Laboratory One Research Blog

Chefbot Build Notes

February 25, 2018

This blog post is a relic of my build of Chefbot, a project detailed in Learning Robotics using Python by Lentin Joseph. Chefbot is an autonomous robot for food delivery in a restaurant. My version of Chefbot deviates from the one detailed by Lentin. I will mostly cover my trouble spots.

Chefbot Front

Chefbot Side

Chefbot Top

Chefbot Top - Lid On

Chefbot Top - Lid On

Robot Spec

The book specifies the following set of hardware requirements to be met by this robot:

  • The robot should have a provision to carry food
  • The robot should be able to carry a maximum payload of 5kg
  • The robot should travel at a speed between 0.25 m/s and 1 m/s
  • The ground clearance of the robot should be greater than 3 cm
  • The robot must be able to work for 2 hours continuously
  • The robot should be able to move and supply food to any table avoiding obstacles
  • The rogot height should be between 40 cm and 1 meter
  • The robot should be of low cost

I didn’t want to build that robot so I strapped the hardware to a plastic container. I made some other modifications. For starters, I’m not going use chefbot for food delivery, so it doesn’t need a provision to carry food, or be a meter tall.


CAD Model

Because I’ve deviated from Lentin’s spec, my version of Chefbot can have a much smaller footprint. I’ve modelled what I’ve built in AutoDesk’s Fusion 360. It’s not perfect but that’s ok. I intend on rechassising Chefbot after it’s software is complete.

The first step it to make a pencil and paper drawing (how arcane).

Drawing of Chefbot - 1

Drawing of Chefbot - 2

Let’s start modelling now that we have a rough idea of what we’re going to model.

Fusion 360 Drawing of Chefbot

Ok, we’ve got the drawing so lets render a few views as well.

Rendered CAD Model - Home

Rendered CAD Model - Front

Rendered CAD Model - Side

Rendered CAD Model - Top

Rendered CAD Model - Bottom

Rendered CAD Model - Back

Gazebo Simulation

Start hotel world environment

We will use Gazebo to run ROS simulations. After installing the ROS integration, we can start the environment.

  1. Start ROS master node: roscore
  2. Start Gazebo using ROS: rosrun gazebo_ros gazebo

Chefbot uses the Turtlebot stack. Install and proceed to test Turtlebot in an empty world with keyboard teleop and monitor it’s values.

  1. Start the Turtlebot in Gazebo: roslaunch turtlebot_gazebo turtlebot_world.launch
  2. Start the keyboard teleop node: roslaunch turtlebot_teleop keyboard_teleop.launch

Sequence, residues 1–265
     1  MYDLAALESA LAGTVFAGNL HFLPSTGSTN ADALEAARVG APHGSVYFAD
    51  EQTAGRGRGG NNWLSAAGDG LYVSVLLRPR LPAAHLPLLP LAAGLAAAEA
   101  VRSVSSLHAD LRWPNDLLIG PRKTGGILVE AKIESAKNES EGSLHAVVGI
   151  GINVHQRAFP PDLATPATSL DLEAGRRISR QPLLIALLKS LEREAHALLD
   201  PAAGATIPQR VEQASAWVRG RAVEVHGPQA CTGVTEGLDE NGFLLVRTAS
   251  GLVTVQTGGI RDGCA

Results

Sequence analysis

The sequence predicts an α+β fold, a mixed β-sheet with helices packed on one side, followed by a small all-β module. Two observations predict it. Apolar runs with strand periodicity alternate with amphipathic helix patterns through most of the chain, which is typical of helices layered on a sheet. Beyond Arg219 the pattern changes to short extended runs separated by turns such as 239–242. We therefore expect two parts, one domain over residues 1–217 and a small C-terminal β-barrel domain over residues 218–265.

3. Look at the ROS topics: rostopic list

Now that we know our stack is correctly working, we can proceed to test Chefbot.

  • Run Chefbot in Gazebo: roslaunch chefbot_gazebo chefbot_playgound.launch
  • Run Chefbot in Gazebo in an empty world: rosrun gazebo_ros gazebo
  • Run Chefbot in Gazebo in an hotel world: roslaunch chefbot_gazebo chefbot_hotel_world.launch
  • Start the keyboard teleop node: roslaunch turtlebot_teleop keyboard_teleop.launch

Chefbot in Gazebo hotel world environment


GMAPPING is the processing of mapping an environment with sensors. We can map the hotel Simulation with the following process:

  1. Run the gmapping process: roslaunch chefbot_gazebo gmapping_demo.launch
  2. Visualize the processing of ROS sensor data with Rviz: roslaunch turtlebot_rviz_launchers view_navigation.launch
  3. Use keyboard teleoperation to map the environment: roslaunch turtlebot_teleop keyboard_teleop.launch
  4. Save the generated map: rosrun map_server map_saver -f ~/hotel_world


Now that we have a name of our environment, we can simulate Chefbot autonomous navigation with the following steps:

  1. Run Chefbot in Gazebo with the hotel world environment: roslaunch chefbot_gazebo chefbot_hotel_world.launch
  2. Run the AMCL demo: roslaunch chefbot_gazebo amcl_demo.launch map_file:=/home/robot/hotel_world.yaml
  3. Start Rviz to view visualization: roslaunch turtlebot_rviz_launchers view_navigation.launch
  4. We can use 2D Nav Goal to direct Chefbot to autonomously navigate to a target.

The Build

Bill of Materials

The Tiva was nice but it didn’t work properly so I used an Arduino Duemilanove (I had an extra).

Bill of materials


Circuit Schematic

Circuit Breadboard


Microcontroller ATmega168
Operating Voltage 5V
Input Voltage (recommended) 7-12V
Input Voltage (limits) 6-20V
Digital I/O Pins 14 (of which 6 provide PWM output)
Analog Input Pins 6
DC Current per I/O Pin 40 mA
DC Current for 3.3V Pin 50 mA
Flash Memory 16 KB (ATmega168) or 32 KB (ATmega328) of which 2 KB used by bootloader
SRAM 1 KB (ATmega168) or 2 KB (ATmega328)